Fascinatingly, though, Bottin is not the only special effects legend covered in the book. Because of my personal interest and admiration for the man, I was delighted to see the attention paid to stop-motion wizard David Allen, who had created sequences for The Howling, almost all of which were not used as they did not gel with the werewolf designs crafted by Bottin. There’s a tremendous respect paid to Allen and his craft, which is incredibly nice to see considering most of the work he put into The Howling was not used.
It’s also impressive to see just how much attention is paid, from the cast to screenwriter John Sayles, to how ahead of its time The Howling was. With the exception of American Werewolf in London happening at the same time, The Howling was the first major werewolf movie in quite a while. There’s much conversation about how intentional it was to make sure that the characters in the movie had seen werewolf movies before. Gambin does a great job of making note of the references to classic lycanthrope cinema, from the visual cues to the names of the characters. But the structure remains the strongest and smartest aspect.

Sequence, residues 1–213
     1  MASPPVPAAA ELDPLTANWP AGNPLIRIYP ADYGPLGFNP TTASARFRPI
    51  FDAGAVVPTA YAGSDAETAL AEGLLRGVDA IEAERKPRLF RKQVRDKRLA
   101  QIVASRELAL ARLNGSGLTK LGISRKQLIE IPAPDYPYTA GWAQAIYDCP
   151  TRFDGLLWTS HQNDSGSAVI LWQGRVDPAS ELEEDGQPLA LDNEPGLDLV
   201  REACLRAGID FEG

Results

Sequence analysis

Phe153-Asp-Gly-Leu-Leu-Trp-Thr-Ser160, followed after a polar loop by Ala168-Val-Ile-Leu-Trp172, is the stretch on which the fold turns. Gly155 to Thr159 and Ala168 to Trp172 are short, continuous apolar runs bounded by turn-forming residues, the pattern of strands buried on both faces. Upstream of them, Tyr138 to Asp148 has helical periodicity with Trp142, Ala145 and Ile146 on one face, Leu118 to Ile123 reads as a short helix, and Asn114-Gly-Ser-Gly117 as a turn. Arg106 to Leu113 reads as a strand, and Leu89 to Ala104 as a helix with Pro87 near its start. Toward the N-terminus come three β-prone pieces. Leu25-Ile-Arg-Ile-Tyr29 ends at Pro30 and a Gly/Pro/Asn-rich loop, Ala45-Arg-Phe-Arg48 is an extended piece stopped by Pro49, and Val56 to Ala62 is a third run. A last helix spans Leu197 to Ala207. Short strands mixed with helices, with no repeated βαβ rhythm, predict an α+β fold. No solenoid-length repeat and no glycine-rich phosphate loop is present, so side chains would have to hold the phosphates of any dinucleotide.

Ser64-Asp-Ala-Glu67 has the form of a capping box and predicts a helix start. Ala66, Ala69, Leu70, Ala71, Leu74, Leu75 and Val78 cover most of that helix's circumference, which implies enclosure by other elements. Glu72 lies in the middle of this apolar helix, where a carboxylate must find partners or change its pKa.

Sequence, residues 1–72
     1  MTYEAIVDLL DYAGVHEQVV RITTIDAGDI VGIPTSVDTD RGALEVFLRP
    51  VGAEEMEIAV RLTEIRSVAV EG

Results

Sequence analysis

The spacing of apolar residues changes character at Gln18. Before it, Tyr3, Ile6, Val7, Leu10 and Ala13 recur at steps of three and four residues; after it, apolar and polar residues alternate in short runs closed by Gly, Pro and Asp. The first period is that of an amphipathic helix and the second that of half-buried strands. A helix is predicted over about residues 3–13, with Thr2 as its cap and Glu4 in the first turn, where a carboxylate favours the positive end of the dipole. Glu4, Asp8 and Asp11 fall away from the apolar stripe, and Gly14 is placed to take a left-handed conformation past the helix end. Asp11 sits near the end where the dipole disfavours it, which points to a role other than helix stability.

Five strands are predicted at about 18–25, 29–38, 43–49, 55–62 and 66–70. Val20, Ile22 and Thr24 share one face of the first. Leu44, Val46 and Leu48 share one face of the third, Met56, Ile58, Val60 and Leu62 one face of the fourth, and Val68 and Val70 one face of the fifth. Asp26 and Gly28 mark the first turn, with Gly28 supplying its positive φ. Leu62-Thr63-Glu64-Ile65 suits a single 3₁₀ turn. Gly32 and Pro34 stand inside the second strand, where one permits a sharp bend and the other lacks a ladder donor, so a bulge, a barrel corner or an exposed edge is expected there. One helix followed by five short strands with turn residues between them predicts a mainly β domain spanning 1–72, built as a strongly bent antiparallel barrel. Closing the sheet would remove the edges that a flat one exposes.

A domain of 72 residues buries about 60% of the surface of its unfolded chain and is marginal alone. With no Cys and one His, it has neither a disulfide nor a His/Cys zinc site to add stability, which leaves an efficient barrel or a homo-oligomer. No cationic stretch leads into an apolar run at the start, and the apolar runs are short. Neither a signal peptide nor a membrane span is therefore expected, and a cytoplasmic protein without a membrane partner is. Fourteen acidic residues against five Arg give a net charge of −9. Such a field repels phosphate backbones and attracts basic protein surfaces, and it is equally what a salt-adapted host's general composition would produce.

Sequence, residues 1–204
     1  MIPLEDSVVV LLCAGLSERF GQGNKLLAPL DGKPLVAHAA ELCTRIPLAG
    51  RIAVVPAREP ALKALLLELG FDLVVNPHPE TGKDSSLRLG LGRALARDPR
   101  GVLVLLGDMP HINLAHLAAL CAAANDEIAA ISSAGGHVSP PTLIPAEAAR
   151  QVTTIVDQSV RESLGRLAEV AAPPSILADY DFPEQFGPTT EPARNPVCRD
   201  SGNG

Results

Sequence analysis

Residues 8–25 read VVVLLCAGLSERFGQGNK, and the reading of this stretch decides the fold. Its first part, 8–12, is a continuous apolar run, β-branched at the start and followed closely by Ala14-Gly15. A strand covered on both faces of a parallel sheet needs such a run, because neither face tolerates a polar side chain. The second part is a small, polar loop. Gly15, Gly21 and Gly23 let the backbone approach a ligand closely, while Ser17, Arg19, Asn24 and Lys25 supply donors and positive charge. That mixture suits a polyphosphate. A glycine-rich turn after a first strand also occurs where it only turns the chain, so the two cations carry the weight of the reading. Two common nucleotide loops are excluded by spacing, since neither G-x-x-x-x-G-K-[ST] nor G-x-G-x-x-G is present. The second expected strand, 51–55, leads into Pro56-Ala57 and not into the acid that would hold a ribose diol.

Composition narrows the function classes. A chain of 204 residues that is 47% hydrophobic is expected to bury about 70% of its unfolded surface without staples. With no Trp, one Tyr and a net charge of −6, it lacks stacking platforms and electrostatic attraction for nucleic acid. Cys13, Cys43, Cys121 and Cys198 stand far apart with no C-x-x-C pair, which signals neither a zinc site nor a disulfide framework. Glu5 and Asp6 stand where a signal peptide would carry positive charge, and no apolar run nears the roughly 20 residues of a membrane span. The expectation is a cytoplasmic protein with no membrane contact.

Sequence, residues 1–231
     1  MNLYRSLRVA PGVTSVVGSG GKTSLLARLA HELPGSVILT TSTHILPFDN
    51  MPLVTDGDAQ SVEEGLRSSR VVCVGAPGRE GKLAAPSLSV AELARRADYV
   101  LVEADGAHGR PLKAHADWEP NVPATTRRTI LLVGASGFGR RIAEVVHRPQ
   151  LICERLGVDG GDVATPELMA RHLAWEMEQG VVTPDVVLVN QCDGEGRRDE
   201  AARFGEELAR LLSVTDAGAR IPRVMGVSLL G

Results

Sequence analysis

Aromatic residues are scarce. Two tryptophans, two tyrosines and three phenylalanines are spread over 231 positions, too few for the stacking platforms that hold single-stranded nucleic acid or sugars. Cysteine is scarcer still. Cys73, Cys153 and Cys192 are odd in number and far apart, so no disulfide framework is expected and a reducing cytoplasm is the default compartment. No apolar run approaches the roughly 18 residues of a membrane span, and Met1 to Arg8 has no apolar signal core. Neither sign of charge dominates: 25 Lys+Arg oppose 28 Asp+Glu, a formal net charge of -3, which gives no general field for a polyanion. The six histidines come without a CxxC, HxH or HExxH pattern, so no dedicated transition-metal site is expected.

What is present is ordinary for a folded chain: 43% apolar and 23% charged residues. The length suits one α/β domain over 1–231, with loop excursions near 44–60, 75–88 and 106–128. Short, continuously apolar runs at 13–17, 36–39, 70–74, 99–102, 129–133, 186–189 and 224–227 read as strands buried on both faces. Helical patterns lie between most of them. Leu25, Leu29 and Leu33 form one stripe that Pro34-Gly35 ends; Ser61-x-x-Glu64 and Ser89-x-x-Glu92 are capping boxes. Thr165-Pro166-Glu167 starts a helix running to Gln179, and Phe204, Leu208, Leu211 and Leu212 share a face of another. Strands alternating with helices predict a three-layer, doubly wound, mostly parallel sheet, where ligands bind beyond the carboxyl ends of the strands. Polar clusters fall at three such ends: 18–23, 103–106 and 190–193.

The scene-by-scene analysis and breakdown is a perfect approach to a text on The Howling for several reasons, as Gambin delves into everything from composition, to the scene’s impact on the overarching story, to the thematic elements, while the cast and crew provide some incredibly insightful anecdotes. The interview with Dick Miller is a particular delight, as he’s Joe Dante’s muse and such a seasoned veteran of film and—more than anything—just seems to take great joy in talking about the movie. It’s great to learn that John Sayles was essentially tasked with writing a role for Dick to play, resulting in one of The Howling’s most memorable characters and one of the standout—if relatively brief—performances of Miller’s career.
There are so many other surprises as well, but it would ruin the point of the book to spoil all of them here. I can’t stress enough how much of a must-read this book is for any fan of The Howling. In fact, I wouldn’t hesitate to say it’s the kind of book fans of the film have been dreaming of. You’ll know that as soon as you see it, from the genuinely dazzling layout. Beyond that, though, it’s such a clear love letter to this film, this genre, this director and everyone involved with the making of what became one of the most iconic werewolf films in history.
Maybe I’m an easy mark because I hold the movie so dearly,but I love that this book exists and I’m so grateful that it’s as good as it is. There’s a wealth of information about a true horror classic contained in these pages, but more than that, it’s a book full of people talking about a clear passion for the film that they made, and for filmmaking in general. If any of those things appeal to you, I would absolutely not hesitate to pick this up.